(1)Almost her friends were living in that country

Dictionaries say the sentence above is grammatically wrong, as 'almost' is an adverb and it's impossible for that word to modify a noun.

To me, however, this kind of sentence below sounds perfectly natural:

(2)We were almost friends.

How would you explain to your ESL students why (2) is OK whereas (1) is not? Why is it impossible for (1) to mean 'They were almost friends with her and they were living in that country'?

And why does (2) sounds OK but this one sounds a bit awkward?

(2)' She was almost my friend/They were almost his friends.

Or does (2)' also sounds natural?
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#1 Can be easily corrected:

(1)Almost all her friends were living in that country.

Here almost modifies the adjective all.

But it does not describe the people who were just her acquaintances, not close friends.

(2)We were almost friends.

I would write: We were nearly friends.

Here, it is clearer that the adverb modifies the verb were." It is saying to what extent the person was a friend. It is not modifying the noun, friend.
AS, does 'They were almost/nearly my friends' sound OK?
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It is OK, but sounds a bit strange. Maybe in the context of Facebook it would be fitting, because "friend" takes on a new meaning, and even becomes a verb!
I know 'friend' is sometimes used as a verb. But how is it related to the fact that 'They were almost/nearly my friends' sounds a bit strange?
Well, usually we say someone is my friend, or isn't my friend. It's not a relationship that has an associated ambiguity, at least in my (American) culture. We talk about our circle of friends, and someone is either inside that circle or not. There aren't any near misses! If I know someone, but they are not a friend, I call them an acquaintance or a colleague.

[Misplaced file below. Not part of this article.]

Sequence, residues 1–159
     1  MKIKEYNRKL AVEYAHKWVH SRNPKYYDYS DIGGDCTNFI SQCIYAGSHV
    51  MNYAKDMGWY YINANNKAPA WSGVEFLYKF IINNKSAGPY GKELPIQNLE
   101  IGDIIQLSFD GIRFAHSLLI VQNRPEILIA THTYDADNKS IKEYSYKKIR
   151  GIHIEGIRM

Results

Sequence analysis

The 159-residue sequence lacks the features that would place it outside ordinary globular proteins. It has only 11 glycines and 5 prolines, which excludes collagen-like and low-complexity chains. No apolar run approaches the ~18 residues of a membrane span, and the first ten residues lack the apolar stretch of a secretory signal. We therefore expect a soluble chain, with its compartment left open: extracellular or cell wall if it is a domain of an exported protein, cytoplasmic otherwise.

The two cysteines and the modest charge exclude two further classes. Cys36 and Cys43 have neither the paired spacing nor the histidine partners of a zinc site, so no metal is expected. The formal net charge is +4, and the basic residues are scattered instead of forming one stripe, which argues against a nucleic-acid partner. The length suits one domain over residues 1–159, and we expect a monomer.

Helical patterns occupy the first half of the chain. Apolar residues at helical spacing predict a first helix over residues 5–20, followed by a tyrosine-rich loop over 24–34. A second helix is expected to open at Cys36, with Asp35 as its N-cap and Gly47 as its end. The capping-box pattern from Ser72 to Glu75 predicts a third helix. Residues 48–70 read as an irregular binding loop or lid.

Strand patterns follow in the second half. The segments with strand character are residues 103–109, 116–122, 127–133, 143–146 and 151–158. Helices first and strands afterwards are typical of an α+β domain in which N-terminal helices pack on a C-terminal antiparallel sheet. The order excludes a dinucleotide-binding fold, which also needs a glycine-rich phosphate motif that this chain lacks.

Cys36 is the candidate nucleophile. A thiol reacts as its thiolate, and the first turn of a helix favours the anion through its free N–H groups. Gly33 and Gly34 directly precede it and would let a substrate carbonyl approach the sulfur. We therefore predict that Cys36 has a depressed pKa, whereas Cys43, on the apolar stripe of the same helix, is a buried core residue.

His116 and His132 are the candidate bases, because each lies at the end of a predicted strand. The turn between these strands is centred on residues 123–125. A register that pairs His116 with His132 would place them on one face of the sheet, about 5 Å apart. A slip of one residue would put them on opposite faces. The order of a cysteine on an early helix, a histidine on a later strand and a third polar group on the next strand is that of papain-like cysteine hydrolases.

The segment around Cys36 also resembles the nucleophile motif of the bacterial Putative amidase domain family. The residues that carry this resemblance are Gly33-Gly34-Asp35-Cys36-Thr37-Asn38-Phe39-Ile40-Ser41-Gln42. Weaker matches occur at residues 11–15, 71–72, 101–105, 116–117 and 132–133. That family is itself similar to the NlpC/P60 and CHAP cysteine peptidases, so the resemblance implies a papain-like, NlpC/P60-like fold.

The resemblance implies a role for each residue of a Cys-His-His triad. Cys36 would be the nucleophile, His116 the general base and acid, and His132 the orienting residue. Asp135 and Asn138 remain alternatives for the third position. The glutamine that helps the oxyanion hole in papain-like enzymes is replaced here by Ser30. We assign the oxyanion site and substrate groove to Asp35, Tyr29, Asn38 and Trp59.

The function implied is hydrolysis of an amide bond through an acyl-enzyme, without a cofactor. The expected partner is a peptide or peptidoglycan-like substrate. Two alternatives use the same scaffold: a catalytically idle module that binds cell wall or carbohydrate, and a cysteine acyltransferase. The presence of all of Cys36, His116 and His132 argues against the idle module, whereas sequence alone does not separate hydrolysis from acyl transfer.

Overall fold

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AlpheccaStarsWell, usually we say someone is my friend, or isn't my friend.
Then, does this sentence work, at least better than 'They were almost my friends'?

He was almost/nearly my friend.

(Still I don't really understand why 'They were almost my friends' sounds a bit strange as 'friend' is sometimes used as a verb, though)
Taka(1)Almost her friends were living in that country
Dictionaries say the sentence above is grammatically wrong, as 'almost' is an adverb and it's impossible for that word to modify a noun.
Yes. So far, so good.

TakaTo me, however, this kind of sentence below sounds perfectly natural:
(2)We were almost friends.
How would you explain to your ESL students why (2) is OK whereas (1) is not?
It is natural. friends is an adjective (meaning "in a 'friend' relationship").

TakaWhy is it impossible for (1) to mean 'They were almost friends with her and they were living in that country'?
I don't know. It just is impossible to have the same word (friends) act as both a noun and an adjective in the same sentence, I suppose! Emotion: smile

Taka(2)' She was almost my friend/They were almost his friends.
Or does (2)' also sounds natural?
None of these sounds terribly unnatural to me. To be "almost someone's friend" seems to me to mean to be friendly acquaintances, but not yet well-known or accepted enough to be called friends.

CJ
CalifJimIt is natural. friends is an adjective (meaning "in a 'friend' relationship").
Friends as an adjective?? Where did you find that definition, Jim? What dictionary is it?
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